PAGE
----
The term “mental toughness” has become a popular buzzword in strength, conditioning, and fitness circles lately. These days, people are even paying good money to run themselves through brutal military style obstacle courses and endurance races – all in the name of proving and developing their mental toughness.
Of course this is really nothing new; coaches, trainers and the military have been running people into the ground for years in the name of developing mental toughness.
The difference now, however, is that people used to do everything they could to avoid this type of training and now people are willing to wait in line and pay their hard-earned money for it.
One could easily argue that the entire culture of CrossFit is based on the concept of mental toughness.
In short, being mentally tough has become a badge of honor and something people are willing to go to great lengths to try to improve.
Despite the growing popularity in mental toughness-type training and events, there’s been almost no discussion about what mental toughness really is, or what the best ways to develop it actually are…until now, that is.
In this article, I’m not only going to tell you the truth about what mental toughness actually is, I’m going to share with you why the way most people approach mental toughness training is complete nonsense that almost always does more harm than good.
Whether you’re a coach, trainer, athlete, or just workout for health and fitness, what I’m about to discuss will help you get more out of your hard work…
What is mental toughness, really?
To truly understand mental toughness, there are two fundamentals that have to be discussed.
The first of these is that mental toughness is nothing more than a function of your brain chemistry. Once you look at it from this perspective, it’s clear that mental toughness isn’t some vague concept – it’s actually just another function of our biology and the way we’re hardwired for survival.
Mental toughness isn’t some vague concept – it’s actually just another function of our biology and the way we’re hardwired for survival.tweet this
Even more, the science of how the brain works is something that can be studied, and of course has been studied, for decades. In other words, there’s real science that can explain what mental toughness is and how it works.
The second fundamental is really just an extension of the first: mental toughness is the end result of your decisions, both conscious and subconscious.
After all, nobody is holding a gun to your head while you’re training or competing, forcing you to keep going. Only you can make the decision to keep working even as physical and mental exhaustion set in.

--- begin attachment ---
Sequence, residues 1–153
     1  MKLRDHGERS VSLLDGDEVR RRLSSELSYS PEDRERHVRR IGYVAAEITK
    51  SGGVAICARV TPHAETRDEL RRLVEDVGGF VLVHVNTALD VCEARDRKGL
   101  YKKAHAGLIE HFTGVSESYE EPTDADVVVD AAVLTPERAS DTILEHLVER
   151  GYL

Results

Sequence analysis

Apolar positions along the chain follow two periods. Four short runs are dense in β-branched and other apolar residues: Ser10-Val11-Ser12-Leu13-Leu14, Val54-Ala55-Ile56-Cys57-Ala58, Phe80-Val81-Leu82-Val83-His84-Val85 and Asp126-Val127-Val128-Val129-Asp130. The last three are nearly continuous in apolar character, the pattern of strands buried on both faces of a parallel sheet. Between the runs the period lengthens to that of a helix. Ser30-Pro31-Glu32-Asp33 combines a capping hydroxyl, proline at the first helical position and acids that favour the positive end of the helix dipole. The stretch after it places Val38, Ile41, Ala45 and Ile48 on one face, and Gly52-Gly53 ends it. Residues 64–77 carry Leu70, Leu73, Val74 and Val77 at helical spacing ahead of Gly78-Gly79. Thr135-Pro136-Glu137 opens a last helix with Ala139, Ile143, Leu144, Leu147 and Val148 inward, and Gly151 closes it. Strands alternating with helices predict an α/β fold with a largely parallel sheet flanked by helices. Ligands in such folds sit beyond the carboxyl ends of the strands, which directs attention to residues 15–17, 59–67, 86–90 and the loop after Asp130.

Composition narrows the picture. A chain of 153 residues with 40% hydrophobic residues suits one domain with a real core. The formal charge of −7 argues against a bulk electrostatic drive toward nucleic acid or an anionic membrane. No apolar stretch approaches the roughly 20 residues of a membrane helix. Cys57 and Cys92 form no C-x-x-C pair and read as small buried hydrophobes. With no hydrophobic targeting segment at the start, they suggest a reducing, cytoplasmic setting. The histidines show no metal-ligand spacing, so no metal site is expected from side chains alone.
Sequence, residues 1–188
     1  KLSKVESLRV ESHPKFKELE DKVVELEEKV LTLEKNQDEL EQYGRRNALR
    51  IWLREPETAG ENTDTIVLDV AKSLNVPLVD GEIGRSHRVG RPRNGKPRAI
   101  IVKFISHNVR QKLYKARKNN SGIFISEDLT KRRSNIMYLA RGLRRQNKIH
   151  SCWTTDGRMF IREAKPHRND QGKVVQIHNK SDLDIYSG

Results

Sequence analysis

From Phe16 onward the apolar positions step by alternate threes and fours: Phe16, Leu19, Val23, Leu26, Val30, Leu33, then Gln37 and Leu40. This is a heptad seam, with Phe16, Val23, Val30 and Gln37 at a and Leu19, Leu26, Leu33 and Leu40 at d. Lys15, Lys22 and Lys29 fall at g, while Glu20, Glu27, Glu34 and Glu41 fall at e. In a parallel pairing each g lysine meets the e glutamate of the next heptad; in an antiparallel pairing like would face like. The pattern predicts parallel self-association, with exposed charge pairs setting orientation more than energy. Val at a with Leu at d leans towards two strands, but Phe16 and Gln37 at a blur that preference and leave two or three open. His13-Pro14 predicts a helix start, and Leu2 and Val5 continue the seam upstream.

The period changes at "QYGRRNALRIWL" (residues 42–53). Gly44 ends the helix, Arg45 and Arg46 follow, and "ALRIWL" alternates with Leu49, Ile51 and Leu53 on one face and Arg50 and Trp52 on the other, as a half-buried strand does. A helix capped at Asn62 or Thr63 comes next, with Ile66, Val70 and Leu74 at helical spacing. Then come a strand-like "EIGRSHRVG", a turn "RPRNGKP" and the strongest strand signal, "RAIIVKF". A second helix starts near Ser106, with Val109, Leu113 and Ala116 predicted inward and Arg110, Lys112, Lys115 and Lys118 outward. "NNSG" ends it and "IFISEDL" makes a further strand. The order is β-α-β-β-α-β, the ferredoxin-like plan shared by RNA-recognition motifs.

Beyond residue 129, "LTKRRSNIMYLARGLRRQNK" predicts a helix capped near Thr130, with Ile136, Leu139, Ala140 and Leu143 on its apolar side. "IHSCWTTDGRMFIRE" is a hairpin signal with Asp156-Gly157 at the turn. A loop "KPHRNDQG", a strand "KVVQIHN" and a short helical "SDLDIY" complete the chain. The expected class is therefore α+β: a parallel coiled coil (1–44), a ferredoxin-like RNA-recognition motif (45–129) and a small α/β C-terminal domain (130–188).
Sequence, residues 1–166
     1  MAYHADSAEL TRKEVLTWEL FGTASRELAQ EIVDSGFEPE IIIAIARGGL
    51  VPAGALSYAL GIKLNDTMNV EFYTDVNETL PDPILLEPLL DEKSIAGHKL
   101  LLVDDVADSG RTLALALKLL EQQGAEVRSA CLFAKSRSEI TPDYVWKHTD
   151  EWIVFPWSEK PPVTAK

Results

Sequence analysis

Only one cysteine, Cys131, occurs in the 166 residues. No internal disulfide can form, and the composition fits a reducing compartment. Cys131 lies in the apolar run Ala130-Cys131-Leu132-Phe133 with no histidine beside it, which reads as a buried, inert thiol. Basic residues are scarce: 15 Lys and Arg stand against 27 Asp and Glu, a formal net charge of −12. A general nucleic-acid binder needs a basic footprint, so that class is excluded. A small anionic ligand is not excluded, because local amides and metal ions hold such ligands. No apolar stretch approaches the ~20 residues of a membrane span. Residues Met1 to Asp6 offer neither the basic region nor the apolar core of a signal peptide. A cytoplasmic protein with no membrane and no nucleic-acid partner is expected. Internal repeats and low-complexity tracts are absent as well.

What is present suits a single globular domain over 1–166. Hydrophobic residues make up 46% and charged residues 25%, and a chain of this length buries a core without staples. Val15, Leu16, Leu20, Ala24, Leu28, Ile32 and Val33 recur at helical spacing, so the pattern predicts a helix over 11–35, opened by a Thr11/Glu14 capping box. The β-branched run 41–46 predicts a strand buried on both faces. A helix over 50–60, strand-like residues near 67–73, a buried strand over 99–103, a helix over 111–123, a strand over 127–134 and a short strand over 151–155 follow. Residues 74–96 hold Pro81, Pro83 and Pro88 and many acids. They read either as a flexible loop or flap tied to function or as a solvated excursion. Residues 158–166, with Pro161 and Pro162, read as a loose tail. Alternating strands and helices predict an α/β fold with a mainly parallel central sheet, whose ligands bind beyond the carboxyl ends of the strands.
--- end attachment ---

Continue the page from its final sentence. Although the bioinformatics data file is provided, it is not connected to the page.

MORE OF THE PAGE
Because there are powerful, subconscious factors at work that you have little control over, however, there’s a lot more to mental toughness than just choosing to be mentally tough.
Taken together, these two fundamentals mean that if you really want to understand mental toughness, you have to understand how the brain makes decisions in the first place…
The science of decision making
Each and every day we’re faced with literally hundreds of decisions.
Most of them are fairly inconsequential in the long run– whether you feel like eating a sandwich or a salad for lunch, for example– but others can have a major impact on the rest of your life – who to marry, which job to take, where to live, etc.
In order to deal with both the huge number and the wide range of decisions, our brains have developed different processes to handle different types of decisions.
Nobel Prize winning behavioral psychologist Daniel Kahneman uses the terms “System 1” and “System 2” to describe how these different processes work and interact with one another, so we’ll use the same terminology here.
As it turns out, both of these systems play a role in mental toughness.
First, let’s talk about System 1…
From an evolutionary perspective, System 1 is absolutely essential to survival and it’s what drives our subconscious-level decisions. These turn out to be most of the decisions we make on a daily basis.
Think of an animal in the wild that encounters another animal:
Almost instantly, the animal must decide whether the other animal is a friend or a predator. The wrong decision here can mean death, so the speed at which the decision can be made is absolutely crucial.
In order to make decisions quickly, System 1 works through heuristic techniques, which simply means that it sacrifices accuracy in the name of speed.
Let’s say you see a pile of change on the coins sitting on the table. Would your first instinct be to take the time to count and add up each and every coin to figure out how much money was there, or would you look at the pile and use intuition to estimate the amount instead?
Unless you need an exact amount of change for something in particular, chances are that you’ll just take a quick glance and come up with a ballpark estimate based on your instincts.
For many decisions, particularly ones that need to be made quickly, our brain simply comes up with a solution quickly that is close enough to the right answer.
In other words, instincts are the result of an actual biological mechanism which explains where they come from and why you have them.
To see how this works for yourself, consider the following math problem from Kahneman’s research:
If you answered 10 cents that’s an example of System 1 at work. Intuitively it seems like this is the right answer…but it’s not. The answer is actually 5 cents.